Moscow — Gazprom expects to send first gas through its new 31.5 Bcm/year TurkStream pipeline from Russia across the Black Sea to Turkey by the end of December, with construction now at an advanced stage, a company official said Tuesday.
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"We expect that we'll have [the pipeline] ready [for testing] in November. So, we're aiming at [launching] in the last 10 days of December," Gazprom's deputy chairman Vitaly Markelov said, narrowing the timeframe expectations for the route.
TurkStream's underwater section and its onland section in Russia have been fully built, with the Turkish sector nearly 75% complete, Markelov said.
Half of TurkStream's capacity will be for deliveries to Turkey with the remaining volumes to be supplied via the second line to southern Europe, due online in 2021. Bulgaria and Serbia have already started work on the infrastructure to accommodate the volumes from TurkStream.
TurkStream will allow Gazprom to redirect some of the volumes it currently exports to Europe through Ukraine.
Gazprom also hopes to launch its other project to bypass Ukraine, 55 Bcm/year Nord Stream-2, by the end of the year.
Those plans, however, could be delayed as it is still waiting for a permit from Denmark for its part of the route.
The Russian part of Nord Stream-2 will be ready for launch by the end of the year, in line with the schedule, Markelov said.
The EU is pushing for Moscow and Kiev to ink a new contract to ensure gas exports via Ukraine continue after the existing 10-year gas transit contract between the two countries expires on December 31. But the two neighbors have been unable to agree on terms for the new contract, including on transit fee payments, which are a significant contributor to Ukrainian budget.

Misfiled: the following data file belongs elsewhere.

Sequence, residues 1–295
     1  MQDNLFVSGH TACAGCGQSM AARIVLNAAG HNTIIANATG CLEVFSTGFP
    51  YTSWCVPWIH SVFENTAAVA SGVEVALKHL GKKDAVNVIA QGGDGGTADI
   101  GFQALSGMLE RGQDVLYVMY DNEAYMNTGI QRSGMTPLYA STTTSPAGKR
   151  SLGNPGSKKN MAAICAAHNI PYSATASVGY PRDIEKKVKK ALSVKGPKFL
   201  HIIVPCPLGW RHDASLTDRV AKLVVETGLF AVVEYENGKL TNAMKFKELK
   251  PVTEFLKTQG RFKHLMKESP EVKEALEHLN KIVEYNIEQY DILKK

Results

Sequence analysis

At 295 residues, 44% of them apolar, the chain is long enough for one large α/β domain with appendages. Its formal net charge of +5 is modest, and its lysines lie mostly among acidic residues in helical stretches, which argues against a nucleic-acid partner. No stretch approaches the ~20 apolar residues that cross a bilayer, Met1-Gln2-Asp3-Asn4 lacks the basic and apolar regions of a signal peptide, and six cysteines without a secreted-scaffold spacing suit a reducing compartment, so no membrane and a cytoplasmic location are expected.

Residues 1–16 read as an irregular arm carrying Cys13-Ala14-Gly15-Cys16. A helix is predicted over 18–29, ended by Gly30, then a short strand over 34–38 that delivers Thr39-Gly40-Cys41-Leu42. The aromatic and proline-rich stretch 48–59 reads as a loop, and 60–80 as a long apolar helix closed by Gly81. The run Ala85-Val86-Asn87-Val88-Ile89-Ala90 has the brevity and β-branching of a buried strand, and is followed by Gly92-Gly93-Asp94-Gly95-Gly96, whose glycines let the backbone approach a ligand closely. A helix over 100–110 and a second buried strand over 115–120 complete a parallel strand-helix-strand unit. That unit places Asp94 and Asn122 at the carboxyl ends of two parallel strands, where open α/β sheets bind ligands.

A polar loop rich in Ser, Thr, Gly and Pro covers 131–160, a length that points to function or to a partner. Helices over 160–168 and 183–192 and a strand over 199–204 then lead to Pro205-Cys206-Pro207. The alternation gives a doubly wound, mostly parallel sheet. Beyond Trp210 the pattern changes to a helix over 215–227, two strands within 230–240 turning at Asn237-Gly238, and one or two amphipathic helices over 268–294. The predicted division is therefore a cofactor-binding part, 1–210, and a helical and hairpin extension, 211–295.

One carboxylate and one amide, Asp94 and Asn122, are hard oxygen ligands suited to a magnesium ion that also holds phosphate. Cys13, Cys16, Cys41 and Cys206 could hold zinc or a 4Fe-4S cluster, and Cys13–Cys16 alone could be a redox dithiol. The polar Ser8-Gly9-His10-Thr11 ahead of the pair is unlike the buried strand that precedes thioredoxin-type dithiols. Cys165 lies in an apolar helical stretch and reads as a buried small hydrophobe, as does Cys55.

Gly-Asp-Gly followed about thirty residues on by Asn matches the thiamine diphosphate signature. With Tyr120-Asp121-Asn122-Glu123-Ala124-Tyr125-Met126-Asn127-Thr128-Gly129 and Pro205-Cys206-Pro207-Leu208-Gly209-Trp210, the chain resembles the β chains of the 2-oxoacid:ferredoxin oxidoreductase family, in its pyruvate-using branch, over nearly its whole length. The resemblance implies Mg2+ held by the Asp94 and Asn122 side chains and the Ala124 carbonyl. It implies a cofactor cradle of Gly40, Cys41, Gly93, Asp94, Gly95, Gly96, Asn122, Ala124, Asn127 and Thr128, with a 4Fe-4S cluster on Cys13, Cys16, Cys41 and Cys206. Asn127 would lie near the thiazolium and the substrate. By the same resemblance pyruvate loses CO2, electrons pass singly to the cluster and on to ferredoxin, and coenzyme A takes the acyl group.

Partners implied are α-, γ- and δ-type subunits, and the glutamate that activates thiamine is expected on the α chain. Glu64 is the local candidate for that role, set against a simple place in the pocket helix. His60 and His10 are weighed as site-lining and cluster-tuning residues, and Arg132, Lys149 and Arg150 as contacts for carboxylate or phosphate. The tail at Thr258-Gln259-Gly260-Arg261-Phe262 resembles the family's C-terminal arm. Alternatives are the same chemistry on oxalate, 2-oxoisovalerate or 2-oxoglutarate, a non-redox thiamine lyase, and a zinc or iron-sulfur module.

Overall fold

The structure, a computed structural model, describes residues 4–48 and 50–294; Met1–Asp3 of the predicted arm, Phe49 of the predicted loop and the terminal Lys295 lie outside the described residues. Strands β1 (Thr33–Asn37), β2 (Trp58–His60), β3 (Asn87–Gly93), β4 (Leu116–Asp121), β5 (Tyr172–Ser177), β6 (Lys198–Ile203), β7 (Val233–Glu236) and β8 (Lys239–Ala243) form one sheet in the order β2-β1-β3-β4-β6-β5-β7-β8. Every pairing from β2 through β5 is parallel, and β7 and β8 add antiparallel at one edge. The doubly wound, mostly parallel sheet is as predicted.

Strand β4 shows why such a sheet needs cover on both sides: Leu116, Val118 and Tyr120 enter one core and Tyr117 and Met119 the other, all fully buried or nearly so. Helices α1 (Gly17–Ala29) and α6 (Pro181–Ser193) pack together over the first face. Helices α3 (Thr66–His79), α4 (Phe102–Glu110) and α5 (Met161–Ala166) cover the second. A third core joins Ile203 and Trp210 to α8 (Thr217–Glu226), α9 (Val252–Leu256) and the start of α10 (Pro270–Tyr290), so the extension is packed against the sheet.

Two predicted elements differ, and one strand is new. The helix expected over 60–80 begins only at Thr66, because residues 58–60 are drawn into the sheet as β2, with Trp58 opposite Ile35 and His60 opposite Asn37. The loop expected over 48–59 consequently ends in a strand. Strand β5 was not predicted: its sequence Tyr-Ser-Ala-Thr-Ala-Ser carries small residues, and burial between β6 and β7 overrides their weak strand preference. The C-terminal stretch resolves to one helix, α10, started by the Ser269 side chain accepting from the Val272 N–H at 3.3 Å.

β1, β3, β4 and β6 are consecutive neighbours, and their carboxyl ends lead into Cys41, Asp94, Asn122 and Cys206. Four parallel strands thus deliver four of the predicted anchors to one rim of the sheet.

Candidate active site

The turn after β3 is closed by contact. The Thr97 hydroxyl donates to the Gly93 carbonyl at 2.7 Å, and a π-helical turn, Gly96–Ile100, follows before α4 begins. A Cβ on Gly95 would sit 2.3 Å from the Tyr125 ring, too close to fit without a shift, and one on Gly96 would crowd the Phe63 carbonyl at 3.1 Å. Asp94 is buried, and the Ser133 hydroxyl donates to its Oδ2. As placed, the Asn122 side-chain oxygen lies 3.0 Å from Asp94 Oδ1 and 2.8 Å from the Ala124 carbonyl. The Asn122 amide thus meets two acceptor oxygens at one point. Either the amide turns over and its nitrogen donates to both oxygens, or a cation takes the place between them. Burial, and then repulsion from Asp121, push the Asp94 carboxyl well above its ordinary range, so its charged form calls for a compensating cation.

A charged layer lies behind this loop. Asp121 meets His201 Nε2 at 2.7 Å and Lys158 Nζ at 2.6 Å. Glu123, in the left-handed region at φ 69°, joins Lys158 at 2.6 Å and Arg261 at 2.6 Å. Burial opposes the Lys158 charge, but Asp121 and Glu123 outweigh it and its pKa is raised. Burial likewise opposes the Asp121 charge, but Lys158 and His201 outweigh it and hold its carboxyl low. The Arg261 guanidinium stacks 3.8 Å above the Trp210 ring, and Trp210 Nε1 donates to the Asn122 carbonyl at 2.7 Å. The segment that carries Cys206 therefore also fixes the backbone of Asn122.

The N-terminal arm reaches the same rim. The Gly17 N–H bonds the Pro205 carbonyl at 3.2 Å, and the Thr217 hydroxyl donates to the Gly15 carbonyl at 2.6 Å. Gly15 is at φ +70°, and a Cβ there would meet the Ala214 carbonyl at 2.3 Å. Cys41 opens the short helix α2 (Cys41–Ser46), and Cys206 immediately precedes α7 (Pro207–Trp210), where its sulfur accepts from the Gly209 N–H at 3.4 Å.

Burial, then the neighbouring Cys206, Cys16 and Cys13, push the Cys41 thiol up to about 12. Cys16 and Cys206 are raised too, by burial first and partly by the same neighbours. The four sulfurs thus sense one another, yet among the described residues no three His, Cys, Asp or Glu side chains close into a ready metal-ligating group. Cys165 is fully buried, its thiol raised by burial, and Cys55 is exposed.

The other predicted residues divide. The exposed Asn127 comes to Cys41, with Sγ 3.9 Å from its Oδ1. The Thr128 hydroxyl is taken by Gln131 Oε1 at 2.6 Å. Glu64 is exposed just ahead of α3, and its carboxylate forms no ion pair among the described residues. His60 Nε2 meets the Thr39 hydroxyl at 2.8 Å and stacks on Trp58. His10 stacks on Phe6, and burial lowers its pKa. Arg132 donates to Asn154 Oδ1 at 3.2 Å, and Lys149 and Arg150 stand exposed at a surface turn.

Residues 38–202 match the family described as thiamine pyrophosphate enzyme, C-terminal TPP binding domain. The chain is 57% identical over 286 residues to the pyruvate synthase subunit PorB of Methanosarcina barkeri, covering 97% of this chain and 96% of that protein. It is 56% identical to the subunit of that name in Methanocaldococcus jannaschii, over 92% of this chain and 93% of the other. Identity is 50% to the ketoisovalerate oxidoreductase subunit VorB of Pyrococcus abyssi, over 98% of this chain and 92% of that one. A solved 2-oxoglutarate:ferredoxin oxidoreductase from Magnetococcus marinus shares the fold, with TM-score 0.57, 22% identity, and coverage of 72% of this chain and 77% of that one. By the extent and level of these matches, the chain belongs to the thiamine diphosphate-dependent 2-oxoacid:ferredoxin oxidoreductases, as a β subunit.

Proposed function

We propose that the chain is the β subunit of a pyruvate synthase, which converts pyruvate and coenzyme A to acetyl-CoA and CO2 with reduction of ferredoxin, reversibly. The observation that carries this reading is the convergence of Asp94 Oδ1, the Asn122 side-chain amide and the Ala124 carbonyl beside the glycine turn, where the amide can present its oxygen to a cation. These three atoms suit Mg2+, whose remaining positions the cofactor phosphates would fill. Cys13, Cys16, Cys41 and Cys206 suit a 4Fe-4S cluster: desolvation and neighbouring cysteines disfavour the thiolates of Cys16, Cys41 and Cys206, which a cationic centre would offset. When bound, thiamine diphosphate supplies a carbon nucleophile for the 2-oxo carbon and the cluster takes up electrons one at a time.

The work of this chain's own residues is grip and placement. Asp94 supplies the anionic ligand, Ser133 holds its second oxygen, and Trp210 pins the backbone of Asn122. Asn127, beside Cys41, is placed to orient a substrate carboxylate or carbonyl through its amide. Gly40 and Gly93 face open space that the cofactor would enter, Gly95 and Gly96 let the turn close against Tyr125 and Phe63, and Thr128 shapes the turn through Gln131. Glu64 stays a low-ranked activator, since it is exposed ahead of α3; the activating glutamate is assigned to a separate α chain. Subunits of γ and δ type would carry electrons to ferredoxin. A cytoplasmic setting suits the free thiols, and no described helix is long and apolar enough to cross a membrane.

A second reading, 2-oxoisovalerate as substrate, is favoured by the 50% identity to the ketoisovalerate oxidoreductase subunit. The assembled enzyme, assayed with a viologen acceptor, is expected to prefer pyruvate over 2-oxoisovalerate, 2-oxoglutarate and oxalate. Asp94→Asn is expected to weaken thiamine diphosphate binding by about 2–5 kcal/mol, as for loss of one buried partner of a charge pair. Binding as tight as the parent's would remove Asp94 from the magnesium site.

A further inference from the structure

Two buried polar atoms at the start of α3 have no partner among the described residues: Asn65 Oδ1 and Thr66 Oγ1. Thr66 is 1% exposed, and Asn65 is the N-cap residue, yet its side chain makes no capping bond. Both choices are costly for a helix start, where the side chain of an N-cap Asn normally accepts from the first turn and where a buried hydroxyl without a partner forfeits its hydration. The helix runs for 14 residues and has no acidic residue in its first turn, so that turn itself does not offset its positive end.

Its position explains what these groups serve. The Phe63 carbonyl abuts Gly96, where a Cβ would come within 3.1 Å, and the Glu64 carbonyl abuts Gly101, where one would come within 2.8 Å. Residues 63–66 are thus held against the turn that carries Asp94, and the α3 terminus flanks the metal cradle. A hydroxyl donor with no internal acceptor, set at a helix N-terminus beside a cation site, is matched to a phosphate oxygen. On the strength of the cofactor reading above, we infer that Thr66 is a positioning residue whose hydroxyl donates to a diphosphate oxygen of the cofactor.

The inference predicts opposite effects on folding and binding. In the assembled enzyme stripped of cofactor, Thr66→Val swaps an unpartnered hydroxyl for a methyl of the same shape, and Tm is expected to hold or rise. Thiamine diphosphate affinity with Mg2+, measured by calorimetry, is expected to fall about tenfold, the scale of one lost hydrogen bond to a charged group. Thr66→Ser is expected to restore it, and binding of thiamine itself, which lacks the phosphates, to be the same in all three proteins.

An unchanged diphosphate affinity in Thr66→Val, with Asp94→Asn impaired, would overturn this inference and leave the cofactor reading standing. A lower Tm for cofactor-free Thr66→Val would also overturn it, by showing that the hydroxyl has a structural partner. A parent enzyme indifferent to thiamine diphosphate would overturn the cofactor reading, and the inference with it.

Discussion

Russia initially planned to fully divert its gas exports away from Ukraine after Russian supplies to Europe were halted for around two weeks at the start of 2009 over a price dispute. Most recently, it said that transit volumes could continue at around 20 Bcm/year after 2020. Russia sent around 87 Bcm of natural gas via Ukraine to Europe and Turkey in 2018. Ukraine's pipeline transit capacity is much higher still.
Production plans Gazprom's production plan for 2019 sees output at 495.1 Bcm of natural gas but the actual figure will depend on market demand, Markelov said.
"As of now, we're 8 Bcm ahead of the plan but it's hard to say [what the situation will be] by the end of the year.
A lot will be depending on the export [demand] and weather," he said.
Gazprom reconsiders its plans quarterly depending on demand. In 2018, its production amounted to 498 Bcm, up 5% on the year, with exports to Europe hitting all-time highs of 201 Bcm.
Gazprom's production potential is much higher, with existing infrastructure allowing production of around 20% more than that, Markelov said.
-- Nadia Rodova, firstname.lastname@example.org
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